Adam Pierno:

It always feels like we’re one piece of information short. So it’s like, we still have to move forward and make the presentation of the most complete picture we have.

Drew McLellan:

Yes. It’s interesting. I think some agencies get paralyzed waiting for perfection with a strategy and other agencies barrel into creation without a strategy at all. So I think part of being a good strategic shop is being able to find that happy medium of, “We have to keep progressing, but we can do it thoughtfully as we learn more and we start putting the puzzle pieces together to see what the story actually tells us.”

Adam Pierno:

Yeah. And for agencies that add strategy. Let’s say you’ve been in business for 10 years and you’ve had informal strategy, but then you decide it’s time to formalize them, add a strategy team or a person or whatever it is. Then it becomes an expectation that that person, he or she, well, let’s wait until they give us the final answer. And it can really change the culture of an agency. If it was a creative shop and they’re used of that guns-blazing, “Go, go, go,” that could be a culture killer to have now everybody expected to wait for that brief to be handed down from up on high.

Adam Pierno:

It really does not work that way. It doesn’t work that way in big shops. If you talk to the luminaries in agency strategy at R/GA or Widen, they will tell you the strategy is a strong point of view, but there’s a conversation and a debate and it goes on, it evolves over time. “Here’s our point of view, here’s what we think, but let’s talk through together how to make it stronger and how to make it apply better to what the work we’re actually doing versus where the brief started,” which is probably at a different point in the work.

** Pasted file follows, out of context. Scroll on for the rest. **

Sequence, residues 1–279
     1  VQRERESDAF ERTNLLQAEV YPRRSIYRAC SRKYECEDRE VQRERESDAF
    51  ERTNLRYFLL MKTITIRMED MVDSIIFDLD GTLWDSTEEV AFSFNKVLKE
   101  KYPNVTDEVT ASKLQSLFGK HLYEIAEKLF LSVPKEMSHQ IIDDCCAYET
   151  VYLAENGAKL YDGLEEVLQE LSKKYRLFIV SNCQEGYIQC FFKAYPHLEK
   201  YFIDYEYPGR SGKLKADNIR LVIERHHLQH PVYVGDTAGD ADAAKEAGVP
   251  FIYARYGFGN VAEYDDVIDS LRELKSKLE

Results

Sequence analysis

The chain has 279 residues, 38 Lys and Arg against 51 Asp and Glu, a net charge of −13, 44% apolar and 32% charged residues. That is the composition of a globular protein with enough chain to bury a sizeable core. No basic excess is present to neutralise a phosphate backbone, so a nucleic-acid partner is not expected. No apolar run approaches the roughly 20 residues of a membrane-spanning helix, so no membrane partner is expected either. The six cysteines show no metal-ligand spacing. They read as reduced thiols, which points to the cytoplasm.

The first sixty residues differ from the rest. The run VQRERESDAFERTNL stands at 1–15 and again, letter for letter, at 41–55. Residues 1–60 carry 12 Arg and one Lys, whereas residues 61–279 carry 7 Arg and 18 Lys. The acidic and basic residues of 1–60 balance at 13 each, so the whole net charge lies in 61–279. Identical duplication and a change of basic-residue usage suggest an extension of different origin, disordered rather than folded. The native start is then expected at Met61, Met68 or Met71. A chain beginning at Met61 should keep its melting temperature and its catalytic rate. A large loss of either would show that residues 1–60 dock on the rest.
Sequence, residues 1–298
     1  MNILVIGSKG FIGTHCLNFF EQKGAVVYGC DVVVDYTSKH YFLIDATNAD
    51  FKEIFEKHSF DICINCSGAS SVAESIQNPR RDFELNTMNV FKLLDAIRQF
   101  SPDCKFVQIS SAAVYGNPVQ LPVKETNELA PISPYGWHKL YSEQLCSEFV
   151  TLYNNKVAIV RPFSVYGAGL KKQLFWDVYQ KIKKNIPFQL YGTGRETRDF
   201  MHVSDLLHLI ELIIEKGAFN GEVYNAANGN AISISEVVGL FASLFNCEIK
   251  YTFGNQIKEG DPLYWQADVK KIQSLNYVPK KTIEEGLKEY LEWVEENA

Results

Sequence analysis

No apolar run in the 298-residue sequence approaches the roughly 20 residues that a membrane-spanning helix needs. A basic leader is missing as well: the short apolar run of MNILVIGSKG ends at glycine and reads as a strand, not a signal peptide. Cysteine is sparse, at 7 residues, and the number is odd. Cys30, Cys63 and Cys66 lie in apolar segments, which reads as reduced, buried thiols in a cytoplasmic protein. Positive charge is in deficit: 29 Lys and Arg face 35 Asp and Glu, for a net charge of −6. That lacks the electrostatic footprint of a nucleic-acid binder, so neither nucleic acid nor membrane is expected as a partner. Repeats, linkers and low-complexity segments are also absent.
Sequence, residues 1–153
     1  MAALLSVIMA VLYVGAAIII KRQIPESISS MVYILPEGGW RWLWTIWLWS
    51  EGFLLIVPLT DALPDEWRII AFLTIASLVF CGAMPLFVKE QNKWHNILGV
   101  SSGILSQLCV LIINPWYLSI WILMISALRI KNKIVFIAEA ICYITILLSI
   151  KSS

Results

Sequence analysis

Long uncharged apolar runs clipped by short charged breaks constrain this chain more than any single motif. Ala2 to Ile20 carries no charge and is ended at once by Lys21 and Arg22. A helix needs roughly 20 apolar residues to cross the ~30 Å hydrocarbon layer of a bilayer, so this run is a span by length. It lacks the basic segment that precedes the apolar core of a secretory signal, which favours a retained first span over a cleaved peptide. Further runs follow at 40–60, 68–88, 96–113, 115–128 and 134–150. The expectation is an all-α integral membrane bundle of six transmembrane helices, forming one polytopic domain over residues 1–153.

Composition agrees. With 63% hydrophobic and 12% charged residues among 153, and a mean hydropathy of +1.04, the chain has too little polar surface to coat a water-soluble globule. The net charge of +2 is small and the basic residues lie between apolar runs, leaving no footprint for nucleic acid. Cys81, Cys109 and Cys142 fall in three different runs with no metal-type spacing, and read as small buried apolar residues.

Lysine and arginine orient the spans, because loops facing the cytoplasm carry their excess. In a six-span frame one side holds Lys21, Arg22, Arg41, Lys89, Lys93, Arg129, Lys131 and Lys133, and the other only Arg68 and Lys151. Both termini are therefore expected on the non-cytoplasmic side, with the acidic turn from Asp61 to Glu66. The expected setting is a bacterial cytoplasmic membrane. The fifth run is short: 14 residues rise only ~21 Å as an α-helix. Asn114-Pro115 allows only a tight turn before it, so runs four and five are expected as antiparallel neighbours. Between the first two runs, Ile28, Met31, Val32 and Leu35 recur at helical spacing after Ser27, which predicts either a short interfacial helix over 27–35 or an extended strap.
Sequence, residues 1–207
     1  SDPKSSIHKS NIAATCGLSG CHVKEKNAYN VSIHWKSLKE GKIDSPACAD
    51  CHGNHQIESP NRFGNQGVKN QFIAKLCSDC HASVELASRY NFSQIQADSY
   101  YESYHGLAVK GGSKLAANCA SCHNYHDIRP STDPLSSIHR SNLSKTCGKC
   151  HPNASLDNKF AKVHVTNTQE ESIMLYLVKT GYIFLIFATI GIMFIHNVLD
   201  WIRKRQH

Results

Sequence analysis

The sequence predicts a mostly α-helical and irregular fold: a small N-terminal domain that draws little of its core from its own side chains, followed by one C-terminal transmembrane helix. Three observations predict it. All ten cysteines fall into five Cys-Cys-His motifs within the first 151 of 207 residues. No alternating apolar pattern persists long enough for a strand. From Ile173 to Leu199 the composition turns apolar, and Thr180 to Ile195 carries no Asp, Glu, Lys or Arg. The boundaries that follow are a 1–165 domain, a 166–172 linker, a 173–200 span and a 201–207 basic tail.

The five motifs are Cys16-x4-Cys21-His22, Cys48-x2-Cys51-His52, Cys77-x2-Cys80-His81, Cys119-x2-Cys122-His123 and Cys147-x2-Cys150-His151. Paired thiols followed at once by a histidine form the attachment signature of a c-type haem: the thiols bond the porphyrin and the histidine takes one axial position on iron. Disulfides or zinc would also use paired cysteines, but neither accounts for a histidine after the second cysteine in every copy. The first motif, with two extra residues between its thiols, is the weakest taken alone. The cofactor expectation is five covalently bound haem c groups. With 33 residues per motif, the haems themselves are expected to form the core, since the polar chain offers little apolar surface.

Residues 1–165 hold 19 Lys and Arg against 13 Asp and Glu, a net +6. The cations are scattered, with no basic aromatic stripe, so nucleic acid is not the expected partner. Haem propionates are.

Drew McLellan:

Do you believe that, depending on your role in the agency, you have a different relationship with strategy or how you contribute to strategy? Or do you think that the strategy is born out of the team and it doesn’t really matter where it comes from?

Adam Pierno:

Yeah, that’s a great question. I think everybody’s relationship with strategy will be a little bit different, and I don’t think there’s a single way to do it right based on the agency, like I said. Every person who comes to the agency should be supporting the overall agency culture and improving it. And like I said, if you’re a creative agency, there may be a way that the strategy could serve that better. It could be injected in a way that is lik